Deadly Class #32
Deadly Class #32, by Rick Remender, Wes Craig, and Jordan Boyd, is a mile a minute feast of action. It roars right out of the gate and the pace never slacks, but it still manages to deliver on multiple levels.
Continuing from last issue, Marcus confronts Brandy and Viktor, sent by Shabnam, leader of the Student Body Council at King’s Dominion High School for the Deadly Arts, to kill him and his girlfriend Maria, as well the new freshmen who inadvertently found the pair while they were hiding in Mexico. They’re interrupted by a whole bunch of Yakuza ninja and the three declare an uneasy truce to fight their way out. As the Yakuza threat escalates, Marcus and Viktor leave the wounded Brady to find a doctor and continue drawing out the ninja army that’s chasing them until they are face to face with each other, their truce at an end.
So, right off the bat, this comic feels like an 80s Frank Miller book, so much that Marcus brings it up in internal monologue. It’s a series of escalating action scenes, punctuated by a beautiful splash pages. Wes Craig and Jordan Boyd shine throughout. This much action has the danger of getting repetitive, but they find a way to keep it flowing and interesting. Boyd’s colors have always been a standout for this book and this issue is no exception. There’s an almost pastel overlay to his coloring, which works so well for a comic set in the 80s. It’s most prevalent here when the Marcus and Viktor are fighting off the Yakuza in a hotel room, but once the action is taken outside, he changes it up a bit, giving everything a yellowish, almost orange tint that you’d get from a street let by sodium street lights. Dark rooms are inky black, with the perfect amount of light streaming in to illustrate some of the details of the room. It heightens the sense that the reader is witnessing these events first hand.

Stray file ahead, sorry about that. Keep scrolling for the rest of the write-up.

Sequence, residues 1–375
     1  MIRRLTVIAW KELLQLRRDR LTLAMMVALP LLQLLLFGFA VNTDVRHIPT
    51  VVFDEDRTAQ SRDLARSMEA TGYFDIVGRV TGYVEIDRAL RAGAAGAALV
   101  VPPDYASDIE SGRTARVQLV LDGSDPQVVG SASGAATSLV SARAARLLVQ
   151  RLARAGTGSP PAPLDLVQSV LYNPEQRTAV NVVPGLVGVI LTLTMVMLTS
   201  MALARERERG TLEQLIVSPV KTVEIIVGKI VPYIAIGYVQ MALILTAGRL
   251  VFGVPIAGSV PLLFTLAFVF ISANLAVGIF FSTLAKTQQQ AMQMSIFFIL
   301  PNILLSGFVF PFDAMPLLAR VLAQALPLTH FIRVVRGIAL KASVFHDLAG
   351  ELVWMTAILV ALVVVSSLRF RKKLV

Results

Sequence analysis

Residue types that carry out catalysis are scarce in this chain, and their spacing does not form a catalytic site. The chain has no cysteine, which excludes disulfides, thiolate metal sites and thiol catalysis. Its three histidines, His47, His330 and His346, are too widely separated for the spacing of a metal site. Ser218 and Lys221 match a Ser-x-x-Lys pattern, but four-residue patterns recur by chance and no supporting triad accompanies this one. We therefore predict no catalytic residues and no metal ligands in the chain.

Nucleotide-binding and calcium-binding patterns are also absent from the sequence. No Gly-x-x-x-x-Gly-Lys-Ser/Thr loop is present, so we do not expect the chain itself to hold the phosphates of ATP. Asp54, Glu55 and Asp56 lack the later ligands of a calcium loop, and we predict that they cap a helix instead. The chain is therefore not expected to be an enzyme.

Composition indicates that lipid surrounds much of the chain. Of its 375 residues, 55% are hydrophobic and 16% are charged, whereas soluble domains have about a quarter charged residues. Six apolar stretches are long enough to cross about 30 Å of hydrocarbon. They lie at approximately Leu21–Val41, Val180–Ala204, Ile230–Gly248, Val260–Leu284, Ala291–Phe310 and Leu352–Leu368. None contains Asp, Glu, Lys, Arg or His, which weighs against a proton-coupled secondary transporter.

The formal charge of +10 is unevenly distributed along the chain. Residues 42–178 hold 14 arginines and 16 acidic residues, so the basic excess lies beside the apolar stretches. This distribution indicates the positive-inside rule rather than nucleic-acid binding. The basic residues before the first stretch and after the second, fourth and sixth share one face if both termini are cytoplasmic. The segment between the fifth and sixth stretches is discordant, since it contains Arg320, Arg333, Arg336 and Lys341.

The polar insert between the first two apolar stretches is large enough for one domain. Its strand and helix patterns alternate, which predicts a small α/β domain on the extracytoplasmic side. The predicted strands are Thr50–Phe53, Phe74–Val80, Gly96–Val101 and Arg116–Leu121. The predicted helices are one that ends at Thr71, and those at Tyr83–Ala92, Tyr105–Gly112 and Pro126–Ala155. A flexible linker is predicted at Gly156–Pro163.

Craig’s pencils are gorgeous throughout the issue. There’s a cartoonish quality to them, but they are just hard edged enough to make all the violence look realistic. Before all that, happens, though, there’s a sequence of Marcus’s memories of the good times at King’s Dominion before the Freshmen Cull that led to him hiding in Mexico. Craig’s work shines here, his pencils drawing the reader into these memories. It’s a masterclass in visual storytelling. Sure the captions are telling how Marcus feels about those times, but the art shows those feelings. The whole issue is a feast for the eyes, especially the splash pages. He’s also able to capture the feeling of the chase, too, the chaos of the violence. One of the freshmen is shot in the stomach and the reaction of his girlfriend captures the horror and fear of the moment perfectly.
Beyond the sumptuous visuals, Remender keeps the narrative chugging along, reminding readers of the relationships between characters in ways both overt and subtle. He uses Marcus’s internal monologue to a great effect. It sets the tone and gives the reader the emotional context for what’s going on. He expertly builds tension throughout the issue using both the internal monologue and the dialogue, helped along by Craig’s expressive pencils. It’s a delicate balancing act. Deadly Class has never been a book to shy away from killing main characters and Remender keeps the reader in suspense throughout. Lesser writers would have tried to cut the tension with some humor, but Remender lets it all build up. It’s extremely effective.
Deadly Class #32 goes for the throat and doesn’t let up. There’s really not much more that can be said about it. It’s action packed, but still finds time to tell a story. The reader not only feels like they’re watching it, but also that it is happening to them. The creative team gels everything together so well. It serves as a good jumping on point and sets the tone for the forthcoming story arc.